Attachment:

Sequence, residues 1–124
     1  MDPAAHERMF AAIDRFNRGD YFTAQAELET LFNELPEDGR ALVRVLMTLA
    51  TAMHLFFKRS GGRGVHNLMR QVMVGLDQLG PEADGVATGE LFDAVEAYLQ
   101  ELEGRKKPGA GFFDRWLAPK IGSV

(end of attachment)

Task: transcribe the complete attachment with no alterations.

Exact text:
Sequence, residues 1–124
     1  MDPAAHERMF AAIDRFNRGD YFTAQAELET LFNELPEDGR ALVRVLMTLA
    51  TAMHLFFKRS GGRGVHNLMR QVMVGLDQLG PEADGVATGE LFDAVEAYLQ
   101  ELEGRKKPGA GFFDRWLAPK IGSV